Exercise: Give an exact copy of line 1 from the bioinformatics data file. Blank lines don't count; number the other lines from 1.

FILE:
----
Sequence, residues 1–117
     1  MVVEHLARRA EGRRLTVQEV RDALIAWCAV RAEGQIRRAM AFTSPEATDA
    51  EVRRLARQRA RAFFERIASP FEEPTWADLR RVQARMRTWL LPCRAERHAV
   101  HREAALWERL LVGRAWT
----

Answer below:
Sequence, residues 1–117